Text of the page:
Despite the arsenal of technologies employed to control foodborne nontyphoidal Salmonella (NTS), infections have not declined in decades. Poultry is the primary source of NTS outbreaks, as well as the fastest growing meat sector worldwide. With recent FDA rules for phasing-out antibiotics in animal production, pressure is mounting to develop new pathogen reduction strategies. We report on a technology to reduce Salmonella enteritidis in poultry. We engineered probiotic E. coli Nissle 1917, to express and secrete the antimicrobial peptide, Microcin J25. Using in vitro experiments and an animal model of 300 turkeys, we establish the efficacy of this technology. Salmonella more rapidly clear the ceca of birds administered the modified probiotic than other treatment groups. Approximately 97% lower Salmonella carriage is measured in a treated group, 14 days post-Salmonella challenge. Probiotic bacteria are generally regarded as safe to consume, are bile-resistant and can plausibly be modified to produce a panoply of antimicrobial peptides now known. The reported systems may provide a foundation for platforms to launch antimicrobials against gastrointestinal tract pathogens, including ones that are multi-drug resistant.
Small biomolecular systems are inherently stochastic. Indeed, fluctuations of molecular species are substantial in living organisms and may result in significant variation in cellular phenotypes. The chemical master equation (CME) is the most detailed mathematical model that can describe stochastic behaviors. However, because of its complexity the CME has been solved for only few, very small reaction networks. As a result, the contribution of CMEbased approaches to biology has been very limited. In this review we discuss the approach of solving CME by a set of differential equations of probability moments, called moment equations. We present different approaches to produce and to solve these equations, emphasizing the use of factorial moments and the zero information entropy closure scheme. We also provide information on the stability analysis of stochastic systems. Finally, we speculate on the utility of CMEbased modeling formalisms, especially in the context of synthetic biology efforts.
Deterministic and stochastic models of chemical reaction kinetics can give starkly different results when the deterministic model exhibits more than one stable solution. For example, in the stochastic Schlögl model, the bimodal stationary probability distribution collapses to a unimodal distribution when the system size increases, even for kinetic constant values that result in two distinct stable solutions in the deterministic Schlögl model. Using zero-information (ZI) closure scheme, an algorithm for solving chemical master equations, we compute stationary probability distributions for varying system sizes of the Schlögl model. With ZI-closure, system sizes can be studied that have been previously unattainable by stochastic simulation algorithms. We observe and quantify paradoxical discrepancies between stochastic and deterministic models and explain this behavior by postulating that the entropy of non-equilibrium steady states (NESS) is maximum.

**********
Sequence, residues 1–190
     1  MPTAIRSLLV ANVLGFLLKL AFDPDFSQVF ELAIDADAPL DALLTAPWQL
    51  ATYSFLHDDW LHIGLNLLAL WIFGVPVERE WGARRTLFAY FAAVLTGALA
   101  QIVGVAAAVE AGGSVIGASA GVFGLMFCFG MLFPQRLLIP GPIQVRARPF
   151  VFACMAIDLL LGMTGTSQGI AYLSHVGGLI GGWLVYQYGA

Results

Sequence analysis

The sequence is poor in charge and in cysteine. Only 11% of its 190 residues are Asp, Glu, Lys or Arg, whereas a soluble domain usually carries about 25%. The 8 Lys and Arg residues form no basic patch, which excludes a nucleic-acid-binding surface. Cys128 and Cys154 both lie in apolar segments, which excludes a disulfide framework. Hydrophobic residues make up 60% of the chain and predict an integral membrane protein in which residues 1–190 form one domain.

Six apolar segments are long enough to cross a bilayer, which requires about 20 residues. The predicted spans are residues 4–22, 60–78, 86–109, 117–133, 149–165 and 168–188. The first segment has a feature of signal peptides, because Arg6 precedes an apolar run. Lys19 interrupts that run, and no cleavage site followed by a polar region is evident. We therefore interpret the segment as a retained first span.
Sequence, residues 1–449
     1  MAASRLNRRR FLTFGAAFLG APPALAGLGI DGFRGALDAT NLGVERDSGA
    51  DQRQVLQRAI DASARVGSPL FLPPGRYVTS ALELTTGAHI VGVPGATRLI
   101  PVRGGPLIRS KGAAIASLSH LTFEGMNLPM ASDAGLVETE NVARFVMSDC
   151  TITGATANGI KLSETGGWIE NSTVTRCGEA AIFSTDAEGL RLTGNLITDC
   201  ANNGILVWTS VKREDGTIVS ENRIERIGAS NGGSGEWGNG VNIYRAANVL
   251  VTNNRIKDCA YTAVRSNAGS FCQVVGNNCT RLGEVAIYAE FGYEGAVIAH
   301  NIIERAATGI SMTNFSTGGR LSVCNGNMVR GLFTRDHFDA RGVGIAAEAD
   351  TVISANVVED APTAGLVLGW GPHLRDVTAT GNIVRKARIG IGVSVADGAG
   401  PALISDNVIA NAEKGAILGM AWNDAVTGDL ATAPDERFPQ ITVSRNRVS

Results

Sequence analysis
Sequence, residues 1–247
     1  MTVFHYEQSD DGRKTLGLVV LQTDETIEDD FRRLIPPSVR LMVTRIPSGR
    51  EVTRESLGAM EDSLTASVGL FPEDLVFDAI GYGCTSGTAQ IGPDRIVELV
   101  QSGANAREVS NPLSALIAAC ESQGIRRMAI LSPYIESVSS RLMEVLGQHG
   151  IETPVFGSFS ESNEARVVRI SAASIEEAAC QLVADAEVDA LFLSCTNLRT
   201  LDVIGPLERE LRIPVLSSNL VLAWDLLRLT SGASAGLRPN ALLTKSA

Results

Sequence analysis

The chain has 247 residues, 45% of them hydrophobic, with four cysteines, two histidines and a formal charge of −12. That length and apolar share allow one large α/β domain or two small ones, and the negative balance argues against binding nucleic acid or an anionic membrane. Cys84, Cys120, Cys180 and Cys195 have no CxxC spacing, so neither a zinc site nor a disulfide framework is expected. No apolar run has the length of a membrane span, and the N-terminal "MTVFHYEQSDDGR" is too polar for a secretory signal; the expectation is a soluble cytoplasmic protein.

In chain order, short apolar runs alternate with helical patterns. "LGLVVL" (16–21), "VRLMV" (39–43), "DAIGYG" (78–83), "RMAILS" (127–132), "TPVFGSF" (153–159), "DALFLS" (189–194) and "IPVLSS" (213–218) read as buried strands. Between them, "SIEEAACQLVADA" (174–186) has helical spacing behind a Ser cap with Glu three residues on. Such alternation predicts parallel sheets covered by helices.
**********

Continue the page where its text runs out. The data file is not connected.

The time evolution of stochastic reaction networks can be modeled with the chemical master equation of the probability distribution. Alternatively, the numerical problem can be reformulated in terms of probability moment equations. Herein we present a new alternative method for numerically solving the time evolution of stochastic reaction networks. Based on the assumption that the entropy of the reaction network is maximum, Lagrange multipliers are introduced. The proposed method derives equations that model the time derivatives of these Lagrange multipliers. We present detailed steps to transform moment equations to Lagrange multiplier equations. In order to demonstrate the method, we present examples of non-linear stochastic reaction networks of varying degrees of complexity, including multistable and oscillatory systems. We find that the new approach is as accurate and significantly more efficient than Gillespie’s original exact algorithm for systems with small number of interacting species. This work is a step towards solving stochastic reaction networks accurately and efficiently.
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